• Experimental cognitive psychology
  • Cognitive neuroscience: the brain in action
  • Cognitive neuropsychology
  • Computational cognitive science
  • Comparison of major approaches
  • Outline of this book
  • Chapter summary
  • Further reading

PART I: VISUAL PERCEPTION AND ATTENTION
2. Basic processes in visual perception Introduction

  • Brain systems
  • Two visual systems: perception and action
  • Colour vision
  • Perception without awareness
  • Depth and size perception
  • Chapter summary
  • Further reading

3. Object and face recognition

  • Introduction
  • Perceptual organisation
  • Theories of object recognition
  • Cognitive neuroscience approach to object recognition
  • Cognitive neuropsychology of object recognition
  • Face recognition
  • Visual imagery
  • Chapter summary
  • Further reading

4. Perception, motion, and action Introduction 

  • Direct perception
  • Visually guided action
  • Planning-control model
  • Perception of human motion
  • Change blindness
  • Chapter summary
  • Further reading

5. Attention and performance Introduction

  • Focused auditory attention
  • Focused visual attention
  •  Visual search
  • Cross-modal effects
  • Divided attention: dual-task performance
  • Automatic processing
  • Chapter summary Further reading

PART II:  MEMORY
6. Learning, memory, and forgetting Introduction

  • Architecture of memory
  • Working memory
  • Levels of processing Implicit learning
  • Theories of forgetting
  • Chapter summary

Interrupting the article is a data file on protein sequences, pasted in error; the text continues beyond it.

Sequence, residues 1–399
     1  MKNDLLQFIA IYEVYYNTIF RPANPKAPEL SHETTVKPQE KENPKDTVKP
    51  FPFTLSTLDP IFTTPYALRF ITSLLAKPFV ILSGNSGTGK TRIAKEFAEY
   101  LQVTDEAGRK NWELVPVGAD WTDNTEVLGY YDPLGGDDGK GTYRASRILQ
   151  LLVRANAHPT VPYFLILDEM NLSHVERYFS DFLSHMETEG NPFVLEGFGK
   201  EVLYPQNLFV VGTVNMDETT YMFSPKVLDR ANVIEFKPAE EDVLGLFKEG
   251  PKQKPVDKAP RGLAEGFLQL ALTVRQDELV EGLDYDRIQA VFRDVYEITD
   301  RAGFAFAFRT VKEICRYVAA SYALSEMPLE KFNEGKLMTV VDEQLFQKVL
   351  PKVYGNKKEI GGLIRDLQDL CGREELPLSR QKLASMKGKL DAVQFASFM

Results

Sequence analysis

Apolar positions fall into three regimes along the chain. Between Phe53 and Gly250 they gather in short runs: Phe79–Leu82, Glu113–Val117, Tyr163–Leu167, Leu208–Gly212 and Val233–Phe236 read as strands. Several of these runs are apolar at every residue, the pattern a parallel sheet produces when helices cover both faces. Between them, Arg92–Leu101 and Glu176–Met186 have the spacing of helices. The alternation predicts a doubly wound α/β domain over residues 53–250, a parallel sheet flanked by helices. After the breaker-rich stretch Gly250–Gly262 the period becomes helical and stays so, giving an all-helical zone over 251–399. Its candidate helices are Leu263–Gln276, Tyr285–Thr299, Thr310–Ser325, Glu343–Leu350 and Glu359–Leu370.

• Further reading

7. Long-term memory systems

  • Episodic vs. semantic memory
  • Episodic memory
  • Semantic memory
  • Non-declarative memory
  • Beyond declarative and non-declarative memory: amnesia
  • Long-term memory and the brain
  • Chapter summary
  • Further reading

8. Everyday memory 

  • Autobiographical memory
  • Prospective memory
  • Chapter summary
  • Further reading

PART III: LANGUAGE
9. Reading and speech perception

  • Reading: introduction
  • Word recognition
  • Reading aloud
  • Reading: eye-movement research
  • Listening to speech
  • Theories of spoken word recognition
  • Cognitive neuropsychology

10. Language comprehension Introduction

  • Parsing
  • Theories of parsing
  • Pragmatics
  • Individual differences: working memory capacity
  • Discourse processing
  • Story processing

11. Language production

  • Speech as communication
  • Planning of speech
  • Basic aspects of spoken language
  • Speech errors
  • Theories of speech production
  • Cognitive neuropsychology: speech production
  • Writing: the main processes
  • Spelling

PART IV: THINKING AND REASONING
12. Problem solving and expertise

  • Transfer of training and analogical reasoning
  • Expertise
  • Deliberate practice
  • Chapter summary
  • Further reading

13. Judgement and decision making

  • Judgement research
  • Decision making
  • Basic decision making
  • Complex decision making

14. Inductive and deductive reasoning

  • Inductive reasoning
  • Deductive reasoning
  • Theories of deductive reasoning
  • Brain systems in thinking and reasoning
  • Informal reasoning
  • Are humans rational?

PART V: BROADENING HORIZONS
15. Cognition and emotion

  • Appraisal-theories
  • Emotion regulation
  • Multi-level theories
  • Mood and cognition
  • Anxiety, depression, and cognitive biases

16. Consciousness Introduction

  • Measuring conscious experience
  • Is consciousness unitary?
  • Chapter summary

Further reading
Glossary
References
Author
Subject index

Language: English
Format: PDF
Pages: 1032
Size: 29.8 Mb